It’s Test week! And what a belter of a match we have in store for us.
In one corner we have England, Six Nations Champions and traditional rivals. In the other we have the Wallabies, World Cup runners-up with plenty to prove. Over the next three weeks we will have a smorgasboard of top-class rugby, and at Green & Gold Rugby we are ready to fire.
To start us off, we’ve enlisted Englishman Paul Bains to fly the flag for the visitors, and give us the reasons he thinks the English Rose will hold the Cook Cup aloft in Sydney at the end of the series. Paul is the man behind www.DrivingMaul.com, and the best place to get in touch with him is on Twitter. He runs the weekly #RugbyChat from @DrivingMaul every Tuesday 6pm Sydney time.
Tomorrow I will come in swinging for the Wallabies, and give my five reasons why Cheik will triumph over Eddie and the English.
But to kick us off, here are Paul’s reasons England will beat the Wallabies:
Strength of the front five
Eddie has brought England back to its traditional strengths. At the Rugby World Cup England’s scrum went backwards but that was an aberration due to the squad falling apart. Joe Marler is taking the summer off, but England have discovered four world class locks who are not only solid at the set piece but also dynamic around the park. England should have at least parity at scrum time but it’s the lineout where they will be looking to attack the opposition throw in. Aussie fans high on their Twickenham victory will be bought back to earth as we establish our set piece dominance once again.
The mystery midfield
When Eddie took over there were two main positional questions – the back row and the centre combination. We still have no idea what centre combination Eddie will choose. That means Australia can’t prepare for what Eddie is going to throw at them. I can think of 7 realistic starting combinations that all bring something different. We all obviously thought Manu Tuilagi would start, but his injury opens up opportunities for a number of talented youngsters. Will Eddie bring in Te’o as a like-for-like replacement or play either Owen Farrell or Henry Slade at 12 as the second playmaker? Outside them will we see Jonathan Joseph hold onto his shirt or Elliot Daly or Slade come in to offer something different? Those are just the realistic combinations with Luther Burrell offering a left-field option.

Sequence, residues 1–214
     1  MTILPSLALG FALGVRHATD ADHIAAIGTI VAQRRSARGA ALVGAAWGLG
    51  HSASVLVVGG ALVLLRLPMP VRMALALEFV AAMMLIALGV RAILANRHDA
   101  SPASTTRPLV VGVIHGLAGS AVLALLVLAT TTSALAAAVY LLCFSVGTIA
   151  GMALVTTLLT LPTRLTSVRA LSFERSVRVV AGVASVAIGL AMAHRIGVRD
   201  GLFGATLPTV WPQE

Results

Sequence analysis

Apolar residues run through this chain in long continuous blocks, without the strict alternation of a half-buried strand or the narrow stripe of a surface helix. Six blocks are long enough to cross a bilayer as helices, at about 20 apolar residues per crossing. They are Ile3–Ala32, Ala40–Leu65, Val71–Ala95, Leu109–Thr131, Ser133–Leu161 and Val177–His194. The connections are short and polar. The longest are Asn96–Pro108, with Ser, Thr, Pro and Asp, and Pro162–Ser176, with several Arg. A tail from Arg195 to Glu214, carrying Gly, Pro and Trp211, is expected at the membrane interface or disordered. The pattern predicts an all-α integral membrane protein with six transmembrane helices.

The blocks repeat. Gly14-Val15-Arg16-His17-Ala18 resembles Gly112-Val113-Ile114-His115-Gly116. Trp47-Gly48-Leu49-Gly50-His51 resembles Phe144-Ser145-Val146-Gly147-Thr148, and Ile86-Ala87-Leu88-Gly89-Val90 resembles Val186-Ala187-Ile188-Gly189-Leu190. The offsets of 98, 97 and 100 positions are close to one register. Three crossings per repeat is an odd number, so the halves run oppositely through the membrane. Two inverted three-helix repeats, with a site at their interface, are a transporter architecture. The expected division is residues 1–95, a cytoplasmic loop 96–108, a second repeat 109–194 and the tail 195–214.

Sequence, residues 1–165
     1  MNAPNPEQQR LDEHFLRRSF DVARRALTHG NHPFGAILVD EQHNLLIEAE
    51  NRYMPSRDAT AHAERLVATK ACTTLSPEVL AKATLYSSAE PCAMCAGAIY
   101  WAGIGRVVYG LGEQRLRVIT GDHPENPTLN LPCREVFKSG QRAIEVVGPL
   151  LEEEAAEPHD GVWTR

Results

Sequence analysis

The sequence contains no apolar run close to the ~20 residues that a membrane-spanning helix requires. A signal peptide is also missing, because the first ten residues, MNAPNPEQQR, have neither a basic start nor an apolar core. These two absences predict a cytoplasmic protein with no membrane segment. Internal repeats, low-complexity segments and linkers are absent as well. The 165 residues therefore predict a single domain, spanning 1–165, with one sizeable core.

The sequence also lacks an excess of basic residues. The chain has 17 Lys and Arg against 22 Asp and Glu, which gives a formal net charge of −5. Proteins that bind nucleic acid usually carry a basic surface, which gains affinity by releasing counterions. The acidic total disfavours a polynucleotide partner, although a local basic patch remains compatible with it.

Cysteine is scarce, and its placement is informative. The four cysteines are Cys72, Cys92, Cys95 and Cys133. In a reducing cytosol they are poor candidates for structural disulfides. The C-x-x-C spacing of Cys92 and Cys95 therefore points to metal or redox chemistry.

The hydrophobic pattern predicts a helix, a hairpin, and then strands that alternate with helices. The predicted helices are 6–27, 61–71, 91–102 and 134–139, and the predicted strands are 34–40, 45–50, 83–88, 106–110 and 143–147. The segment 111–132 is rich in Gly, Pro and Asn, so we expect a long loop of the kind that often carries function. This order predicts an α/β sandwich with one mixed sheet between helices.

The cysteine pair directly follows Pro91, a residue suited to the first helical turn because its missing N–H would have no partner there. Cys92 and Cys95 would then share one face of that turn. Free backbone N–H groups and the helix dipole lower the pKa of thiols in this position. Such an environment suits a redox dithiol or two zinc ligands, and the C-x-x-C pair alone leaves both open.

Youth with a winning edge
Stuart Lancaster and now Eddie have brought in a lot of young players. These players have been playing together for years at England age group levels. Luke Cowan-Dickie, Jack Clifford, Slade, Anthony Watson and Jack Nowell won the Junior Rugby World Championship together in 2013. So whilst some combinations might look new at test level, they have been developing for years in an environment used to success. And many of these new players were un-tarred by the World Cup failure, bringing a freedom and energy not seen for years in English rugby. Also both Clifford and Itoje captained the the U20s so whilst they appear young they will bring leadership to the team to support captain Dylan Hartley.
A lot has been talked about George Ford’s kicking nightmare at Twickenham last weekend, where he slotted just 1/7 against Wales. But he won’t be the first choice kicker. Owen Farrell is possibly the most robotic kicker in world rugby, in the recent 6 Nations he had a kicking percentage of 80%. Sometimes he gets too involved in the agro side of things but that never affects his place kicking. Even if Farrell gets injured then Ford isn’t the only back up with Slade a regular kicker and Daley adding a long range option. It won’t be Johnny Wilkinson-esque accuracy, but England will punish any ill-discipline from Australia, which could be lucrative if a referee decides to police the ruck with a heavy hand.
Eddie Jones: media warrior
Already Eddie has come out talking about his bags getting searched at customs. This was just gold for him, and he has the English press eating out of his hand at the moment. One of the problems for England at the Rugby World Cup was getting distracted by social media and the press. Eddie gives such easy and great headlines that the press just lap it up – it makes their job so easy. Eddie will be dictating the headlines, dictating the stories, and dictating the narrative of the tour, which means less public in-fightin, less soundbites from bitter ex-players, and we can all enjoy the rugby.